As the founder of Natural Connections Academy, Inc. I am truly excited (and somewhat nervous) about the prospect of combining my two loves: education and the outdoors. This idea of educating students outside of the typical classroom is something that I have dabbled with throughout my teaching career. When I was teaching fourth grade, I got my students outside, even if it meant just laying on the front lawn of the school reading their social studies books. This is something that many teachers do, I know, but it was an attempt to continue to use mainstream curriculum AND get them outside! To expand their engagement with nature, I would take my students to a park near by with observation journals to document what they saw in nature. Many times, we would gather or count items outside that were related to our classroom topics.
My eagerness to get them out of the classroom also had me venturing with my students across the state of Montana to visit the education center of Montana Fish Wildlife and Parks. This was really the beginning of my resolve to enable students to learn and love nature. I had applied and received a grant to travel from the eastern side of Montana (nearly to the border with North Dakota) over 420 miles to the capital of Helena. Boy was that a trip! Imagine… two mini vans, three adults, 8 students, and three days of traveling and learning! Each stop that we made had a purpose. For example, stopping for lunch, we went to the top of the rim around Billings Montana and talked about the lake that once was there. We stopped at a rest area and learned about the dinosaurs that were previously in the area. On our way to Helena, we visited the Prairie Dog Town, a Mining Museum (where we were able to go in a mine), beetle infected trees, Audubon Conservation Center, and several others. I was able to take two different classes on that trip and I feel that I can confidently say that those students learned a lot about Montana and themselves during those excursions.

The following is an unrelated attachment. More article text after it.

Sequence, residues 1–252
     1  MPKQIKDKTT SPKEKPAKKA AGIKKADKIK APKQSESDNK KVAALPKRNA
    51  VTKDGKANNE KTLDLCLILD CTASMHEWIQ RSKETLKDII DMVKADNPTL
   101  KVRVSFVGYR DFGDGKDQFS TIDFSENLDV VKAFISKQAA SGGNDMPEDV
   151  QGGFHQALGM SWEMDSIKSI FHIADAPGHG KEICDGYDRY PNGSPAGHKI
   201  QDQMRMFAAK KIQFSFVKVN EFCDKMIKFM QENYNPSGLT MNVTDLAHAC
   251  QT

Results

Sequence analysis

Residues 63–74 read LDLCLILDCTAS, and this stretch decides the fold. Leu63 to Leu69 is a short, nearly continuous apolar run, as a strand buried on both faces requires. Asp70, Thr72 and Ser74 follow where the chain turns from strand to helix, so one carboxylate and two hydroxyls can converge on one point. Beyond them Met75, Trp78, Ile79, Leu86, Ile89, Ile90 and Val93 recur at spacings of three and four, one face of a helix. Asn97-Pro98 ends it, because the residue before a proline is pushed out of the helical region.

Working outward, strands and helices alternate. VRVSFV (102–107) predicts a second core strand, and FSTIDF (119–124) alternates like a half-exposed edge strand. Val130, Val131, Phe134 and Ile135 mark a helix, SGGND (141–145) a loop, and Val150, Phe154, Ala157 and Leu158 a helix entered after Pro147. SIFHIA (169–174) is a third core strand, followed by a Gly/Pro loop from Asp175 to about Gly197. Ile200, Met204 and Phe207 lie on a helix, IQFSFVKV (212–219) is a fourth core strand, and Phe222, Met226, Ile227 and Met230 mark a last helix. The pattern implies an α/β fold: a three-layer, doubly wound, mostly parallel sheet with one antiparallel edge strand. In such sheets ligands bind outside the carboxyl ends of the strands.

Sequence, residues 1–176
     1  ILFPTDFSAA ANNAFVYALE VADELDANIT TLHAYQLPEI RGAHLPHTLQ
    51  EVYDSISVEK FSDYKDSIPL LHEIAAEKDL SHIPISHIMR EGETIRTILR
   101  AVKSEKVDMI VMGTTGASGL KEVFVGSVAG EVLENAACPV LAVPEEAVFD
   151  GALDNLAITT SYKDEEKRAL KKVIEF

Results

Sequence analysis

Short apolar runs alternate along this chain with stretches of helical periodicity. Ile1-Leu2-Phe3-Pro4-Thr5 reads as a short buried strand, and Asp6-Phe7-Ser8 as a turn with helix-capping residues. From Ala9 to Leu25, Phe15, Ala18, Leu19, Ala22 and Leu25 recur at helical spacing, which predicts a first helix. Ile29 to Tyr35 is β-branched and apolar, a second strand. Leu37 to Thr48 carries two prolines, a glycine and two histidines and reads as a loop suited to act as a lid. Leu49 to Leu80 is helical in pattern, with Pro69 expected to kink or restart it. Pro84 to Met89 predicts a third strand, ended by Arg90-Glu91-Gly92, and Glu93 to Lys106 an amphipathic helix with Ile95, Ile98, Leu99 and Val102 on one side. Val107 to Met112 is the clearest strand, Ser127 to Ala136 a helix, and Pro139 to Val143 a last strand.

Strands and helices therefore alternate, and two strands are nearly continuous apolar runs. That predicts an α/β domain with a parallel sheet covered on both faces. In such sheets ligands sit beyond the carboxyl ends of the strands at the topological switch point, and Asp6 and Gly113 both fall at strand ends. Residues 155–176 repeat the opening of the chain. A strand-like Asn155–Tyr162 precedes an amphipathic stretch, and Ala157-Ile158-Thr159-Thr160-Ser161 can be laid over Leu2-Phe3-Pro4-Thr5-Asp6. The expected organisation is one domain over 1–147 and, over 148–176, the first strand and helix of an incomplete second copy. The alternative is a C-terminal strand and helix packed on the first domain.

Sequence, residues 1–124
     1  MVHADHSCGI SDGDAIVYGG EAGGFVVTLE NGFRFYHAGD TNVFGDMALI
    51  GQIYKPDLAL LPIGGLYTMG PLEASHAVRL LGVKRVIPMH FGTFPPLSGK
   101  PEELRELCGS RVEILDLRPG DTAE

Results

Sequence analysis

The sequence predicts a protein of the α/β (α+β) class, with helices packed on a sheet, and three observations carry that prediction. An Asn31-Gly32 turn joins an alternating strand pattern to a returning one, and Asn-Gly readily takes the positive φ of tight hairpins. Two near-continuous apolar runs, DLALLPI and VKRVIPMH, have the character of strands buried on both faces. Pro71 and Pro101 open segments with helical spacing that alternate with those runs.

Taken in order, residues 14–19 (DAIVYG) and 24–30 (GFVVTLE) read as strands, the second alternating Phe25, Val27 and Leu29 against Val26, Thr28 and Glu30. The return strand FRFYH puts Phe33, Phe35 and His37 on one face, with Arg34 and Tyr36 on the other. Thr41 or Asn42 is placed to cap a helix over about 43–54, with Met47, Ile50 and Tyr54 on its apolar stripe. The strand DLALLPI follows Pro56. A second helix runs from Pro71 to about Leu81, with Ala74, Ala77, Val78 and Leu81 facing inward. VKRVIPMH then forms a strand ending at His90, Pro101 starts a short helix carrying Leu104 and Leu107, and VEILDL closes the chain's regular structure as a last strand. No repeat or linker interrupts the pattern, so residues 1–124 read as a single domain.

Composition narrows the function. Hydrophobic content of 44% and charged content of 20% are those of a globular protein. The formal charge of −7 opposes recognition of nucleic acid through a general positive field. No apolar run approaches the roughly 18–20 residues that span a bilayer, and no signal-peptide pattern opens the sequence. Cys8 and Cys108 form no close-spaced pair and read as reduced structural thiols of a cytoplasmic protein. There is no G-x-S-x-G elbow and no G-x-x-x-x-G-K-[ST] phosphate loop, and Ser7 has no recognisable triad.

It was the students' excitement and pure interest as they watched birds of prey, used binoculars to find and identify migrating birds at the Spring Meadow Lake State Park, walked around looking for animal tracks at the Audubon Conservation Center, and the cold, darkness they experienced at the Butte Mine Museum, that helped me shape my goal -- to replicate that whenever I had the opportunity!
That’s our goal at the Natural Connections Academy! We want to be outside, looking at birds, flowers, trees, lakes, and all that Idaho has to offer. We want to make learning about the life cycle of plants real to them as they plant seeds and harvest the bounty. We want to get their hands wet and their eyes excited when heading to Heyburn State Park to monitor the water quality. We want to widen their view of what the environment does for them and the world.
I think that putting children’s experiences at the forefront of their learning will make the topics come alive and energize students toward a lifelong love of learning! That is what we want to do at Natural Connections Academy.